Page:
Evidence that some immigrant labourers are being paid significantly below the minimum wage is to be investigated, Business Secretary Vince Cable has said.
BBC researchers uncovered the evidence while joining mainly Romanian workers touting for labouring jobs in London.
The investigation was carried out in December, before Romanians had the full right to work in the UK.
Mr Cable said there was evidence of a "serious breach of the law".
During the BBC London investigation, two Romanian researchers joined labourers gathering at locations in Tottenham and Cricklewood each morning looking for work.
They were told by the workers that builders frequently promised to pay them a fair wage - only to refuse to pay them the full sum at the end of the day. One labourer in Tottenham claimed he had once been paid £10 for almost a full day's work.
One researcher was then employed by Jamal Syeed, a businessman.
Mr Syeed drove him to Birmingham to tile and plaster a shop. Skilled labour of this sort typically costs at least £100 a day but the researcher was only paid £40 for a nine-hour day - an hourly rate of £4.70. The current national minimum wage is £6.31 an hour.
When challenged by the BBC, Mr Syeed said the researcher had in fact worked six hours for £40, not nine hours. This claim is not borne out by footage secretly recorded by the researcher, however.
Mr Syeed added: "We agreed that the man will carry out the plastering job for me on [a] £40 basis.
"But later on we agreed that after the inspection of the workplace the plaster man could give the estimate price as labour."
Another researcher was paid £5.71 per hour - below the minimum wage.
Responding to the two men's experiences, minister Mr Cable said it was a "serious breach of the law".
He added: "Clearly that must be investigated.
"The minimum wage is a very important part of our system, it is a legal requirement, and employers must pay it.
"If they are found to have underpaid they will be fined up to £20,000."
He urged anyone who felt they had been taken advantage of by employers to come forward, saying: "The minimum wage is only credible if it is enforced."
"It is our aim to drive this off the streets, not just of London but throughout the country - this isn't just a London problem," he added.
During the investigation, researchers also uncovered scams and potentially criminal behaviour associated with the labour pick-up points.
One researcher was asked by a man to fly to Germany to pick up a suitcase full of "herbs" and return with it to the UK for money. Another man offered to buy the researcher's passport for £1,000.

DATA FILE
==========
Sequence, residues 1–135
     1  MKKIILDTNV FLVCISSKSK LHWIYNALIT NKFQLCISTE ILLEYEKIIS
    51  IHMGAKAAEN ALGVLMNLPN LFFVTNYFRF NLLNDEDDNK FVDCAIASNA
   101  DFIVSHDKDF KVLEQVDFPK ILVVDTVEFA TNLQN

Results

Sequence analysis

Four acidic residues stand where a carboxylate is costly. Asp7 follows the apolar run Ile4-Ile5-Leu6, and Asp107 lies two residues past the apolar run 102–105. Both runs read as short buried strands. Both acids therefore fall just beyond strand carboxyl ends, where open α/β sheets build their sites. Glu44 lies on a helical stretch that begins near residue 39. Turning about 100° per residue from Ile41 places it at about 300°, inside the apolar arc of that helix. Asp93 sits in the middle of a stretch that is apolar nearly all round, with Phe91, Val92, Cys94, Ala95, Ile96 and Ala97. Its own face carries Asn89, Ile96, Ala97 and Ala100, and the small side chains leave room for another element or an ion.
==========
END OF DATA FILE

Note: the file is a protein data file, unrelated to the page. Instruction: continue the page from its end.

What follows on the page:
Running battles also broke out at the Cricklewood site when tensions between two rival groups of labourers - Bulgarian and Romanian - boiled over.
The next day numerous labourers were seen with cuts, bruises, black eyes and visible wounds, and there was a heavy police presence on the streets.
Ch Insp Andy Jones of Brent Police said officers had been "monitoring the situation very closely" since that incident and had "noted a reduction in people loitering in the area".
"We are aware that this may be related to casual work and may not be in compliance with work and taxation regulations."
At the time of the investigation - before Romanians and Bulgarians were given the full right to work in the UK on 1 January - there were typically 15 people waiting on the street at each site. However, last week the number of labourers at the Tottenham site had swelled to more than 50.
Matthew Pollard, executive director of Migration Watch UK, said the black market labour was driving down wages for legitimate builders.
After viewing the evidence, he said: "This footage is terrible. It's unfair to decent employers who pay a proper wage and it's unfair to the migrant workers who are clearly being exploited.
"But also it's unfair to Londoners. How can Londoners compete when wages have been driven down this low?"
One potential employer told one of the undercover researchers he preferred employing foreign workers because they would work for less.
He said: "I don't have money to pay English people."
A different builder paid one researcher £50 for a day's work mixing cement at a house in London's exclusive Primrose Hill area - above the minimum wage.
However the labourer was told not to declare the money to the Inland Revenue.
The builder was filmed undercover saying: "Now we don't want to pay tax, so you just pocket that [the money] and keep it.
"Most companies that go to pick people up where you are just want to pay you cash, under the radar."
Only two companies have been prosecuted for not paying the minimum wage since the 2010 General Election.
Shadow Business Secretary Chuka Umunna said: "At a time when families are facing a cost of living crisis, it is crucial that the National Minimum Wage is properly enforced.
"That's why the findings of this investigation are so worrying.
"The authorities must urgently look into this matter and should come down hard on any rogue employers who do not pay the minimum."
Audrey Mitchell, of the charity Thames Reach, which supports immigrant workers, said: "It's disturbing to hear the reports of migrants being offered illegal work, well below the minimum age and often in dangerous conditions."